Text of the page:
Kathryn Jones, Senior Curator of Decorative Arts at the Royal Collection Trust, on Queen Victoria’s fascination for commemorating her children through ‘body parts’ and art – and the voracious passion for collecting she shared with Prince Albert
There is this perception that Queen Victoria wasn’t very maternal – and there are all these lovely quotes attributed to her saying she thought babies looked like “little frogs” and that she wasn’t that keen on children, but when she had her own she was clearly fascinated by them and she sketched them quite a lot.
A number of Victoria’s sketches of her children are in the collection and she even commissioned these pieces of jewellery made from her children’s baby teeth, which I think are her way of trying to hold on to her memories of them as children.
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Of course they are quite unusual, but the Victorians used materials like hair to create jewellery. Albert presented Victoria with a miniature of each child as they reached the age of four that were inset into a single bracelet with a lock of hair behind each portrait. The final three children (Arthur, Leopold and Beatrice) had to form a separate bracelet as the first one got too large.
When we did the exhibition Art and Love in 2010 I thought the pieces of jewellery made from baby teeth were unique to Queen Victoria but I have subsequently learnt that other people also did it, but it was quite uncommon.
Their eldest child, Princess Victoria, lost a baby tooth when they were on holiday in Scotland so it was made into a brooch in the shape of a thistle – with the tooth representing the seedhead that you get at the top. You can see that the enamel is a bit worn, suggesting that Queen Victoria did wear it, but we don’t know the specific occasion.
“Queen Victoria thought a cast looked rather like a dead limb, whereas marble captured an ‘alive’ moment”
She made jewellery like this for a number of her children, Beatrice was the youngest and she kept three of her teeth and had them made into the little set of fuchsias. It’s not so well documented in Queen Victoria’s journals but we think she chose fuchsias because they’re associated with ‘taste’ in the Victorian language of flowers. We don’t know if that is perhaps because of taste’s connection with teeth or whether it was an aesthetic choice with fuchsias being the best shape that the tooth fitted with.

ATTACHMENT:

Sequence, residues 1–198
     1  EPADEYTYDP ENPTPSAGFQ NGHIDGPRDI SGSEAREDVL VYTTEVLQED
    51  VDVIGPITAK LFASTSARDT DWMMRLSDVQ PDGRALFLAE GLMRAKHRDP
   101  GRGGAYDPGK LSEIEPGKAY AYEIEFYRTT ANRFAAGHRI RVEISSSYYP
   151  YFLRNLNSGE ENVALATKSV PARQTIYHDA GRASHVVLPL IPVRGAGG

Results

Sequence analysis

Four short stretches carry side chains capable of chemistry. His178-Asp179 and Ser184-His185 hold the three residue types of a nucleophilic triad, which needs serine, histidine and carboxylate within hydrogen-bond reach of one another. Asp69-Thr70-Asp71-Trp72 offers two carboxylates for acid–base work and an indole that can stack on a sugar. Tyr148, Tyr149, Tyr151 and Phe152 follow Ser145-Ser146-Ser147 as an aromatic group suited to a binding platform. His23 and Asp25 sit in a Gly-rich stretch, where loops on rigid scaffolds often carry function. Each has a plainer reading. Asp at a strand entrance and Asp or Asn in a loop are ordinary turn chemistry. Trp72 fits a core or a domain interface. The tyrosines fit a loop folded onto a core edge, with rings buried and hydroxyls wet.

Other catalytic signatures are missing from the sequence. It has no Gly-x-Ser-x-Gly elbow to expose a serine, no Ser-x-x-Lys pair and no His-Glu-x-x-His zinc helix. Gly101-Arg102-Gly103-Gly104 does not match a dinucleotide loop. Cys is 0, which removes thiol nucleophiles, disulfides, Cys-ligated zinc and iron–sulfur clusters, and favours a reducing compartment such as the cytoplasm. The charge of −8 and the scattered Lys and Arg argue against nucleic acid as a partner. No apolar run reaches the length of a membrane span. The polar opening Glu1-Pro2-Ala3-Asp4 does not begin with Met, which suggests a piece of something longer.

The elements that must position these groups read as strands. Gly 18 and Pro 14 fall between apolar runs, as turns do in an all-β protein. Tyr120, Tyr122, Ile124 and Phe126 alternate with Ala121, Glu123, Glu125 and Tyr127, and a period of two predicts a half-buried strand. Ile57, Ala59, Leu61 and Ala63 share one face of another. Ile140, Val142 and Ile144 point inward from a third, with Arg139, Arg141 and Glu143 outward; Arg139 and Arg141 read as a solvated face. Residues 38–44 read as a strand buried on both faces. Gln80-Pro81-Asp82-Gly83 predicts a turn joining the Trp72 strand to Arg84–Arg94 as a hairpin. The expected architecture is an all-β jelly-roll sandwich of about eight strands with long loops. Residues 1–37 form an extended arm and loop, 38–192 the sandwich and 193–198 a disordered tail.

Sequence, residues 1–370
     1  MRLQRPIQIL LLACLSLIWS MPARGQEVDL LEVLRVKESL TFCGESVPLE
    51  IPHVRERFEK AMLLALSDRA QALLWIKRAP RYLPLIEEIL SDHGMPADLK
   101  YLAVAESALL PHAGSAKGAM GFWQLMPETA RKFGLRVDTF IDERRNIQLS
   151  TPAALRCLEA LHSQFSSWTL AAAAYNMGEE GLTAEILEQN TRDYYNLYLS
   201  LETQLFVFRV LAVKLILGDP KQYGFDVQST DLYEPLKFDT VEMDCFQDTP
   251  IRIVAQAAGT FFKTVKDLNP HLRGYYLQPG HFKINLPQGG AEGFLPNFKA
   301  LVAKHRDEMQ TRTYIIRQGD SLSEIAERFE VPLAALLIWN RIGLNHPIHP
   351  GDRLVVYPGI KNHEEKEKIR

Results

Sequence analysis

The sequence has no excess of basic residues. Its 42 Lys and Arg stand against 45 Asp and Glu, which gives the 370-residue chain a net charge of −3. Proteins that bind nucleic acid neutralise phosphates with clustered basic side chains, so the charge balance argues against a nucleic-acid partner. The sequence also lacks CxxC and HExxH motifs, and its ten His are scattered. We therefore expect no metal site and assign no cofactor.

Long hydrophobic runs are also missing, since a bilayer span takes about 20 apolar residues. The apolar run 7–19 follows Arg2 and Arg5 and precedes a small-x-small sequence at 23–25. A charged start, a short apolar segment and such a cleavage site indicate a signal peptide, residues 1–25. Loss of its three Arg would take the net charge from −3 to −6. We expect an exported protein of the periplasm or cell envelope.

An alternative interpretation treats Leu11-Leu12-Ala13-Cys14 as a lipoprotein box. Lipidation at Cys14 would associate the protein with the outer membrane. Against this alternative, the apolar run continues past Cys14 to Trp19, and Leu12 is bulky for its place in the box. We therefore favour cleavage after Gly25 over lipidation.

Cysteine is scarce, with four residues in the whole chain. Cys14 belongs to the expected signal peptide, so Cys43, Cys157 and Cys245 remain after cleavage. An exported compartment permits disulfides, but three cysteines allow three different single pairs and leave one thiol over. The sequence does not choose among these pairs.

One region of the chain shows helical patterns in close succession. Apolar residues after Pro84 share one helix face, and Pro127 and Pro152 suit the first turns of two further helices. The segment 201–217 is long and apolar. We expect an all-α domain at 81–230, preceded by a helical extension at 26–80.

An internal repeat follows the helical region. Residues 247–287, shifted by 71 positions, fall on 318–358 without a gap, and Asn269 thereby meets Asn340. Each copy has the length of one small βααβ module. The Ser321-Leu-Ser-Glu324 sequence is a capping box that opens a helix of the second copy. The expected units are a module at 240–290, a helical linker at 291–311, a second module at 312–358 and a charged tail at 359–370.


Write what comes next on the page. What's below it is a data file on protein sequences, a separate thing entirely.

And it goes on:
But as well as these highly personal pieces of jewellery, we have Victoria’s sculptures of her children’s limbs. Obviously they connect in some way with the tradition that we still have today of making babies’ footprints and handprints, but these aren’t even plaster casts, they’re marble sculptures.
Rather weirdly there is some evidence that Queen Victoria thought a cast looked rather like a dead limb, whereas marble captured an ‘alive’ moment. But because they’re white marble I think people sometimes think they are commemorative, funerary sculptures. All of Queen Victoria’s children survived, so again I think she commissioned them to try and capture something – some essence of their young lives.
After her death, the sculptures were all sent down to Osborne House. Before that they lived at Windsor Castle where they all had little glass domes and most of them came with a little velvet cushion underneath – so they were on display and designed to be seen.
When you see images of the interiors of the Victorian household you can see how many objects the Victorians liked to have out on display, and Victoria was the same.
Both Albert and Victoria were keen collectors who exchanged works of art as birthday and Christmas presents and they particularly loved sculpture, often giving each other amazing, full-length marble sculptures as birthday presents. Quite a number of those remain in Buckingham Palace today.